I Refused to Accept My Child’s Apology, and It Made Everyone Happier.

We’ve been cooped up for eight months as the virus slowly engulfs whatever dregs of normalcy we knew. For my three children, who are each under the age of ten, reinventing school and adapting to new ways to go about our lives had been fun and novel at first. They would wake with wide eyes in the morning and marvel at being able to do their math and reading in their pajamas. Bedtimes stretched later and later. And because we never knew what the grocery store would offer, dinner and snacks took on an almost adventurous feel.

But as time ground on and the novelty of life upended faded, my children’s behavior began to get worse.

At first, it was bickering. The kids snipped and snapped at each other over who got to eat out of the orange cereal bowl. No one could sit on the couch without a frustrating back-and-forth over whose spot belonged to whom. Even the toothbrush holder became contested territory.

To be fair, my husband and I went through a honeymoon phase with the pandemic as well. We each moved our jobs home, making life feel cramped and awkward but doable. We, too, experienced later mornings and later evenings, and at first, we relished the minor changes. But over time, we found that spending every waking moment of every day together was not exactly helping our intimacy. We got cranky.

Our family fell into a weirdly, uncomfortable new normal that included having to live with being constantly low-grade annoyed with each other. We got lazy with one another and words like ‘please’ and ‘thank you’ slipped further away from our daily speech. Getting through the day in one piece without someone having a meltdown became a goal. Without the release of taking breaks from one another, a luxury that school and work afforded each of us created a household of anxious, exhausted, grouchy people.

My kids would pinch each other or say nasty things to one another, and then I would step in, demand an apology, and then lecture my kids on decency and respect before I went back to cleaning or typing. We repeated this awful dance dozens of times a day to no effect. My kids were acting like tyrants, and I was acting like a mother who just needed them to shut up and sit down for five minutes.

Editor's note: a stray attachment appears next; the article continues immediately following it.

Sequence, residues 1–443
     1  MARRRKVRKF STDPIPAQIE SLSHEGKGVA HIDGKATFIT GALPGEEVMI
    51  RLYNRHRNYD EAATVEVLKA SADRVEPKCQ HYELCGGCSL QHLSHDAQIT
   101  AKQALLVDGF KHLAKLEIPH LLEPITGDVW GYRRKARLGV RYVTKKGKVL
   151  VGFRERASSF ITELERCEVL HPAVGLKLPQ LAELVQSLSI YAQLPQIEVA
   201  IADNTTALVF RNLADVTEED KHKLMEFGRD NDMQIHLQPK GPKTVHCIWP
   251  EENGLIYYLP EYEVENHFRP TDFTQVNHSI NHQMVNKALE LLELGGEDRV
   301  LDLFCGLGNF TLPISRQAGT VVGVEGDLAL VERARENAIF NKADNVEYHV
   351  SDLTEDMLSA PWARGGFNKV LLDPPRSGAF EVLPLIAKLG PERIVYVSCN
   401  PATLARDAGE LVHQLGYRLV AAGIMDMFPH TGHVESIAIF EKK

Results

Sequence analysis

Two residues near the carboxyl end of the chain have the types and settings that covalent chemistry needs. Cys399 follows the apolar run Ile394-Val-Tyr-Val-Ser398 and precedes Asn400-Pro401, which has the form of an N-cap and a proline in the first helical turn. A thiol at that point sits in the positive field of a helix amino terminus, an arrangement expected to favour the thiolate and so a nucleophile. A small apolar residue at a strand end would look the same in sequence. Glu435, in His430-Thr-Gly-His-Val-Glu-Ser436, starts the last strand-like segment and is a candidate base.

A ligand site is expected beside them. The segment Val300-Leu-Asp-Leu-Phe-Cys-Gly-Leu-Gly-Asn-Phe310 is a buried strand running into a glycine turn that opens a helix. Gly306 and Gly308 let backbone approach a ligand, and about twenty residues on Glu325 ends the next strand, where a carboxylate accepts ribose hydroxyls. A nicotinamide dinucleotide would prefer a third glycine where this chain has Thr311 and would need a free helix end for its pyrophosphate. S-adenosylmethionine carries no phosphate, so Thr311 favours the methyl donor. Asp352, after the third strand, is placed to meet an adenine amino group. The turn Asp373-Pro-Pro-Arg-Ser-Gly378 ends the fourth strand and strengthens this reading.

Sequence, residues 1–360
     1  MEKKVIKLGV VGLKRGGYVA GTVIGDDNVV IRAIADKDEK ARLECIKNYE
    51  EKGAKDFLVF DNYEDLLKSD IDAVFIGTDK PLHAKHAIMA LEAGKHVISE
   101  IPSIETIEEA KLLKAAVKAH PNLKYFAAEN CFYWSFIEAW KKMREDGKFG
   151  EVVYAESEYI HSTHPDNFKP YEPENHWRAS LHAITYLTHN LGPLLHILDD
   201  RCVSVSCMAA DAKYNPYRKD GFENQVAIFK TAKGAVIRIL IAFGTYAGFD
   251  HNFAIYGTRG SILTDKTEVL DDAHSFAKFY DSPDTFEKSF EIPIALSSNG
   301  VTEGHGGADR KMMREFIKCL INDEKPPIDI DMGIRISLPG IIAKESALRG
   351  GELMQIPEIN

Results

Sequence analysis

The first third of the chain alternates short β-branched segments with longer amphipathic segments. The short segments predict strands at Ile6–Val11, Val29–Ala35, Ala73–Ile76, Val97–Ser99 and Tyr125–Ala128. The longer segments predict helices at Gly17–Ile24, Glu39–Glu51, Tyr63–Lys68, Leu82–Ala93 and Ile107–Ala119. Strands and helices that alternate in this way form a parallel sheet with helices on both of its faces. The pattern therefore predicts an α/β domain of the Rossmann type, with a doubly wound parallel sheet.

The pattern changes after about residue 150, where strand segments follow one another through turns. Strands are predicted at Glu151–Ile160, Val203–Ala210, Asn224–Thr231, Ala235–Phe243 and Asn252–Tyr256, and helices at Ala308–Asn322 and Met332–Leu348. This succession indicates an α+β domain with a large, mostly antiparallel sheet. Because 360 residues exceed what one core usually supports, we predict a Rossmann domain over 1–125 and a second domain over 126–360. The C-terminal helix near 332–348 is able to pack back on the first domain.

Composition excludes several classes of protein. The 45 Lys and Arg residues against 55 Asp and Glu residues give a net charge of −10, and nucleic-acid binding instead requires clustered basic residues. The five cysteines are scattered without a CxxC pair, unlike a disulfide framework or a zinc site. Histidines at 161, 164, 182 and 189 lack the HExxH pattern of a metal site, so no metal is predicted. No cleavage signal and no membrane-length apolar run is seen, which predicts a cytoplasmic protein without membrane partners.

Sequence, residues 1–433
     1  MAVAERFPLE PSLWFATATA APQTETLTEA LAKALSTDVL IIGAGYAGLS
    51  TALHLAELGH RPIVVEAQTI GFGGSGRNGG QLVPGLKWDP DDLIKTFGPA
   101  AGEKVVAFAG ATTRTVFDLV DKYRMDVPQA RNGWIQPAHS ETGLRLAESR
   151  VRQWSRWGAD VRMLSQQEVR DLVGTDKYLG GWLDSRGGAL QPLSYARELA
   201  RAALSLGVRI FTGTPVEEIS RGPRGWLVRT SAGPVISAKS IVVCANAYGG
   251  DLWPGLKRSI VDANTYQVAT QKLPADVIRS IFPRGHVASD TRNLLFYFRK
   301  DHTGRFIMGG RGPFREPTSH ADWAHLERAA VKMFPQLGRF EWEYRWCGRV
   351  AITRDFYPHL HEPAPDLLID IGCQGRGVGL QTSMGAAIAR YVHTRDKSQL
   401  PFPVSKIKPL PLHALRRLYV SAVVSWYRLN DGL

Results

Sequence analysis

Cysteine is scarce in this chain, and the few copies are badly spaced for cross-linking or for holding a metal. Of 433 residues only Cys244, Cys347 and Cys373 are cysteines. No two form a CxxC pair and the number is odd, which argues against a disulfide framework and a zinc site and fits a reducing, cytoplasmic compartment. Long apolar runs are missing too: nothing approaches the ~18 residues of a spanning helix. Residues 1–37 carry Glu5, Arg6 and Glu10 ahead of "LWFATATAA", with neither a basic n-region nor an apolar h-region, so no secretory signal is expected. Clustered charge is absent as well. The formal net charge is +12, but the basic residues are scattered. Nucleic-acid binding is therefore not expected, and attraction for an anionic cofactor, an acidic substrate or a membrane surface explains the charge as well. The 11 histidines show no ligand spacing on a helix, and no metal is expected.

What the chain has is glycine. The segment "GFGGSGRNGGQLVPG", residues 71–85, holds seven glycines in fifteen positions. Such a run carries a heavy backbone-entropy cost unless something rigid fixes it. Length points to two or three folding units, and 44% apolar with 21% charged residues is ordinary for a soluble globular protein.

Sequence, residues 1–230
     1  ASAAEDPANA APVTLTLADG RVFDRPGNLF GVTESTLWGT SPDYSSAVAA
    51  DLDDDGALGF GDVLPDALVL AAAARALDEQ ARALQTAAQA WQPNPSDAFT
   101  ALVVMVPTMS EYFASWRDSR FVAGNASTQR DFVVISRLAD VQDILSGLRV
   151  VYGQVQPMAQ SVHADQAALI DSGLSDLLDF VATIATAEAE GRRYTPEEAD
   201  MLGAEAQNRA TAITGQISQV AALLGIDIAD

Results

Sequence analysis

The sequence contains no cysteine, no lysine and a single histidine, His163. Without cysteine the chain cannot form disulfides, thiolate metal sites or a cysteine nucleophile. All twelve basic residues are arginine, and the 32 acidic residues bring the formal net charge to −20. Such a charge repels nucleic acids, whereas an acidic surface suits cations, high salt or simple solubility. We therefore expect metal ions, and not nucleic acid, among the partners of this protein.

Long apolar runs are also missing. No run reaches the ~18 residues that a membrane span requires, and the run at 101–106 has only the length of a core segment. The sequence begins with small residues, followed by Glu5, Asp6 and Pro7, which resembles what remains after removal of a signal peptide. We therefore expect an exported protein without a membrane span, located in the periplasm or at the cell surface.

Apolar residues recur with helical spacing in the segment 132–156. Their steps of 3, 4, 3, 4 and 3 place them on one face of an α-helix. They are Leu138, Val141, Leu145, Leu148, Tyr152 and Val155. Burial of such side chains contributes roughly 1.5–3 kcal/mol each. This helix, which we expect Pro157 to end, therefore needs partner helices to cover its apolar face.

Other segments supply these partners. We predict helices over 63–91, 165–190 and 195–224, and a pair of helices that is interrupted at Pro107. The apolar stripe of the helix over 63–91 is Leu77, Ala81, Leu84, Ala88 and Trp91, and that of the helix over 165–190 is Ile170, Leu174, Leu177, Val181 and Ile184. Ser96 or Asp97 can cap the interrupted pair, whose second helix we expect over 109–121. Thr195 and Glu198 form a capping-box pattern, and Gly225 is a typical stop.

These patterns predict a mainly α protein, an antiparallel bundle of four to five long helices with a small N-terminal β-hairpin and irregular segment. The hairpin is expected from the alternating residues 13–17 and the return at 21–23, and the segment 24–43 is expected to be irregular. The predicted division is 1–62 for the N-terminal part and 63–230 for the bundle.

We were not a happy bunch. So, one morning I quit.

My oldest kid had snatched a video game controller out of his brother’s hands and took over his game, leaving his little brother crying and babbling on about how much he hates being home. I walked into the living room to see what the commotion was about, and without looking up, my oldest son gave a monotonous, well-rehearsed, meaningless, “I’m sorry, I won’t do it again.” His eyes never left the screen.

“I do not accept your apology,” I said back. I stepped in between him and the screen, and I waited.

“Mom, I said I was sorry! God!” he whined.

I said nothing. I continued to wait.

“Mom, what do you want from me!?” he was confused, but he was finally looking me in the eyes and waiting for a response. He was listening.

“I do not accept your apology,” I repeated. “But I will accept changed behavior. Now, tell me what you plan to do about this.”

He looked baffled. His mouth hung open, and his eyes searched the room and my face looking for the right thing to say. What phrase could he spit out that would make this moment stop so he could keep going about his game?

“But Mom! You’re supposed to accept my apology because you’re the MOM, Mom!” His confusion that I stepped out of this dance said it all. I was part of the problem, and I was refusing to do my part.

But the thing is, there was nothing right to say at that moment. My kid needed to take steps toward accountability and not depend on me to permit him to skirt the growing problem. I genuinely was sick and tired of intervening in my children’s drama, and it was time for me to correct my lazy parenting and hold them answerable for their own crappy choices.

“I do not accept your apology, but I will accept changed behavior, now tell me what you plan to do.” These are the words that I find myself saying lately. The idle apologies that are more performative than teachable moments are no longer acceptable here, and my kids know it.

When my kids act out, I tell them that they need to change their behavior, not say the right words to appease the offended. But that isn’t enough; they have to sit with me and talk through how they will change their behavior. I listen. They have to talk about how their actions made another person feel. I listen. They have to tell me how they would feel if someone acted out similarly toward them. I listen.

It’s not a perfect system, and my kids still act like monsters, but I can see them thinking through their actions more closely now. Yesterday, my youngest was needling at her brother’s last nerve, and my oldest kiddo walked over to her and said, “Hey, how would you feel if he kept jumping on your legs and yelling your name really loud?” She was too young to rational this, but in a parenting win for me, I was proud to see that my oldest, my eye-rolling, knows-everything-about-everything-Mr-attitude tween, was trying to teach his little sister the lessons that I have been trying to teach him.

And that’s when I realized that as clunky as it might feel, we have a new dance in our family.


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Sarah Cottrell

Writer + Editor | Slow Living + Science Nerd | Rep’d by Folio Lit | Follow my stories here: https://sarahcottrell.medium.com/membership